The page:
ILNews

Court of Appeals finds 2006 statute does apply to 2001 violation

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The Indiana Court of Appeals rejected a defendant’s ex post facto argument and affirmed a trial court’s decision to convict him of committing a sex offender residency offense.  

Anthony Mark Sewell was convicted of child molesting as a Class B felony in 2001. After his release in 2007, he was required to register his address with law enforcement. When he moved to a new address in 2011, he was in violation of the state statute that prohibits sex offenders from living within 1,000 feet of a church that has a school, day-care or youth program center.

After the state charged him with one count of residing within 1,000 feet of a youth program center, the trial court found Sewell guilty and sentenced him to 1 ½  years in the Department of Correction with six months suspended to probation.

In his appeal, Sewell argued that applying the statute to him violated the ex post facto prohibition in state and federal constitution. This forbids Congress and the states from imposing a punishment for an act that was not punishable at the time it was committed.

He stated his conviction for child molesting was entered in 2001 for acts that took place in 2000. The application of the statute did not take effect until 2006.

Sewell relied heavily on the Indiana Supreme Court’s opinion in State v. Pollard, 908 N.E.2d 1145 (Ind. 2009). He contended that the decision in Pollard stands for the proposition that anyone convicted of an offense listed in Indiana Code 35-42-4-11 before July 1, 2006, is not subject to its provisions.

The COA found in Anthony Mark Sewell v. State, 73A01-1112-CR-609, that  Pollard did not apply because Sewell did not reside or own property within 1,000 feet of the church when he was convicted of child molesting. The court concluded that because Sewell’s residency decision occurred after the enactment of the statute, Sewell’s prosecution does not violate state or federal ex post facto provisions.

 

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  • ex post facto law
    The fact that Sewell was required to register at all is a violation of ex post facto law., since there was no registration requirement when he commited his offense. I think the COA needs to look back and see how often they contadict themselves and coming to two different conclusions on two different primarily similar case.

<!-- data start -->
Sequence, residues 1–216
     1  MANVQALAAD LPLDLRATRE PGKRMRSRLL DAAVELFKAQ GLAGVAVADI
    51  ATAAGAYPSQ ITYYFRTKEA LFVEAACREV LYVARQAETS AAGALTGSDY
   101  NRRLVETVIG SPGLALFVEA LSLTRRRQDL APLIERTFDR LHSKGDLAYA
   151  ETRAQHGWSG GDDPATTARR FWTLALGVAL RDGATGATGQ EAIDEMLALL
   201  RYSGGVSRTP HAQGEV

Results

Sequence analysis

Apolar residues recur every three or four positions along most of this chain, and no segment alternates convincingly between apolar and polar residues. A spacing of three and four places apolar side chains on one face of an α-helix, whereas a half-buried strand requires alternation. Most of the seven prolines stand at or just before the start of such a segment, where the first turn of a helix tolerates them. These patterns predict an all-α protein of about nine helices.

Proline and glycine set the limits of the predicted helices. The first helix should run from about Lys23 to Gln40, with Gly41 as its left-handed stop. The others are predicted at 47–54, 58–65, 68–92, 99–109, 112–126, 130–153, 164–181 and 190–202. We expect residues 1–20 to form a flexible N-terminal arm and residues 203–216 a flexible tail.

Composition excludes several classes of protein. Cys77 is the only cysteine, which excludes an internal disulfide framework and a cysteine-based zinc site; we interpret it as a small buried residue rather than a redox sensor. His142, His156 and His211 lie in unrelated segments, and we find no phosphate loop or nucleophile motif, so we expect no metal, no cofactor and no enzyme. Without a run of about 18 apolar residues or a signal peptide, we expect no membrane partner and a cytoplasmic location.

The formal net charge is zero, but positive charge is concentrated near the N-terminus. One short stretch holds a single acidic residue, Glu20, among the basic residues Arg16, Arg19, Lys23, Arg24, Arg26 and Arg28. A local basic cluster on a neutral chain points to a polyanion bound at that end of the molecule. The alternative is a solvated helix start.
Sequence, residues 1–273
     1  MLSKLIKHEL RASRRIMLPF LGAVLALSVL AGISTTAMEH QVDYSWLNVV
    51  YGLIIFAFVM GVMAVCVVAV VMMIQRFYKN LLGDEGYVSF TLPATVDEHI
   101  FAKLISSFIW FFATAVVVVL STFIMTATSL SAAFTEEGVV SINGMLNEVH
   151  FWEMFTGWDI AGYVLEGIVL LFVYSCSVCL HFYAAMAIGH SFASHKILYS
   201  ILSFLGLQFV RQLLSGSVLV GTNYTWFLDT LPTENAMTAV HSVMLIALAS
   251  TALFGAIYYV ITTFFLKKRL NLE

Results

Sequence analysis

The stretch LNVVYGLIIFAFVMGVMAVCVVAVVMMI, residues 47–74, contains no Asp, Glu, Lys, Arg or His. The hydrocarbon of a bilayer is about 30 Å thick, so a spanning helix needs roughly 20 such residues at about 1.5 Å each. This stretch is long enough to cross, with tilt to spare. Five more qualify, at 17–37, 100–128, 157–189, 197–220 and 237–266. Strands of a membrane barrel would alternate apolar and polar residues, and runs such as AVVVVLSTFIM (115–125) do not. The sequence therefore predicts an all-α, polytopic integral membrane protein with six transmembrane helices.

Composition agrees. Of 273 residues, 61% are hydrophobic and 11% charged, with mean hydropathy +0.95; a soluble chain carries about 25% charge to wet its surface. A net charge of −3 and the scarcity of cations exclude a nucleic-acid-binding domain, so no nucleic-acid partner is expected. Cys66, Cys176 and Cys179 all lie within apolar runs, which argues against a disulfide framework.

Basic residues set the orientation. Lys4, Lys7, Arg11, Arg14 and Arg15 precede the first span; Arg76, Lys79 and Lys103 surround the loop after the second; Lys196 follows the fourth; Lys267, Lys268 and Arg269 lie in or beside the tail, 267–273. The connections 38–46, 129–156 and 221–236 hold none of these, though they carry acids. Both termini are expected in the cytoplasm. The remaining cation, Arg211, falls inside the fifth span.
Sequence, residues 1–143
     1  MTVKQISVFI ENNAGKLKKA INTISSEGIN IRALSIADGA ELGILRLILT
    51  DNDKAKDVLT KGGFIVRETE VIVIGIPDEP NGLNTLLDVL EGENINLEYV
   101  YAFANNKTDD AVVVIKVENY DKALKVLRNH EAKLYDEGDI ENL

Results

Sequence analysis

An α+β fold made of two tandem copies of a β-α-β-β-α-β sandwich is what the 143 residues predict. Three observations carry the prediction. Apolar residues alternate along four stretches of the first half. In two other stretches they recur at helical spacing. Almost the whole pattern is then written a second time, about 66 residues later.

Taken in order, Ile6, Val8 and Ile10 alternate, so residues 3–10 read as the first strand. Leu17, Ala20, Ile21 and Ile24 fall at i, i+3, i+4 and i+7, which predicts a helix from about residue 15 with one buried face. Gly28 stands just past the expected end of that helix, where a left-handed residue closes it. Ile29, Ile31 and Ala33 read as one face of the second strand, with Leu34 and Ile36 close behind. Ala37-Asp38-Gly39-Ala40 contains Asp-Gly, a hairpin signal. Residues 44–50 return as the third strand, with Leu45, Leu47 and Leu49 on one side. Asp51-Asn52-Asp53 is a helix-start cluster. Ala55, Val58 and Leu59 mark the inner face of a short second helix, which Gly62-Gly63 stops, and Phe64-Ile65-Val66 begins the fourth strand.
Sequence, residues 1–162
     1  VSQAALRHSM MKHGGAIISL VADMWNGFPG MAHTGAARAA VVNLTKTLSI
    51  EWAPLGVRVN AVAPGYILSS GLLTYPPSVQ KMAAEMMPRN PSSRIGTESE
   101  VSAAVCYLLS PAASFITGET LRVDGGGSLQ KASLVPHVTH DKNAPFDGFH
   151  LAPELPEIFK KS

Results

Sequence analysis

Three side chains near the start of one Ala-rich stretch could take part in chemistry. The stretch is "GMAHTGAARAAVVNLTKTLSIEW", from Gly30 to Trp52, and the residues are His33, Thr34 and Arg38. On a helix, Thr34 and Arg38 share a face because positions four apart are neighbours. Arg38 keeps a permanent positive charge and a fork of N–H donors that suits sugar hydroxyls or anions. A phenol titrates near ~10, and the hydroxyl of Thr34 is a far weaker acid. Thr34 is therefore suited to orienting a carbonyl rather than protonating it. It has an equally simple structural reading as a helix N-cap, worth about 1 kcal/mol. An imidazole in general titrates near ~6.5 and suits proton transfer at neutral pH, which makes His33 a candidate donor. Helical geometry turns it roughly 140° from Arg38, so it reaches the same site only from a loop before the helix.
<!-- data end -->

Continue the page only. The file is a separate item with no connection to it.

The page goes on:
• Constitution
    The courts are making a mockery of American's Constitutional Rights!

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  1. Indiana's seatbelt law is not punishable as a crime. It is an infraction. Apparently some of our Circuit judges have deemed settled law inapplicable if it fails to fit their litmus test of political correctness. Extrapolating to redefine terms of behavior in a violation of immigration law to the entire body of criminal law leaves a smorgasbord of opportunity for judicial mischief.

  2. I wonder if $10 diversions for failure to wear seat belts are considered moral turpitude in federal immigration law like they are under Indiana law? Anyone know?

  3. What a fine article, thank you! I can testify firsthand and by detailed legal reports (at end of this note) as to the dire consequences of rejecting this truth from the fine article above: "The inclusion and expansion of this right [to jury] in Indiana’s Constitution is a clear reflection of our state’s intention to emphasize the importance of every Hoosier’s right to make their case in front of a jury of their peers." Over $20? Every Hoosier? Well then how about when your very vocation is on the line? How about instead of a jury of peers, one faces a bevy of political appointees, mini-czars, who care less about due process of the law than the real czars did? Instead of trial by jury, trial by ideological ordeal run by Orwellian agents? Well that is built into more than a few administrative law committees of the Ind S.Ct., and it is now being weaponized, as is revealed in articles posted at this ezine, to root out post moderns heresies like refusal to stand and pledge allegiance to all things politically correct. My career was burned at the stake for not so saluting, but I think I was just one of the early logs. Due, at least in part, to the removal of the jury from bar admission and bar discipline cases, many more fires will soon be lit. Perhaps one awaits you, dear heretic? Oh, at that Ind. article 12 plank about a remedy at law for every damage done ... ah, well, the founders evidently meant only for those damages done not by the government itself, rabid statists that they were. (Yes, that was sarcasm.) My written reports available here: Denied petition for cert (this time around): http://tinyurl.com/zdmawmw Denied petition for cert (from the 2009 denial and five year banishment): http://tinyurl.com/zcypybh Related, not written by me: Amicus brief: http://tinyurl.com/hvh7qgp

  4. Justice has finally been served. So glad that Dr. Ley can finally sleep peacefully at night knowing the truth has finally come to the surface.

  5. While this right is guaranteed by our Constitution, it has in recent years been hampered by insurance companies, i.e.; the practice of the plaintiff's own insurance company intervening in an action and filing a lien against any proceeds paid to their insured. In essence, causing an additional financial hurdle for a plaintiff to overcome at trial in terms of overall award. In a very real sense an injured party in exercise of their right to trial by jury may be the only party in a cause that would end up with zero compensation.

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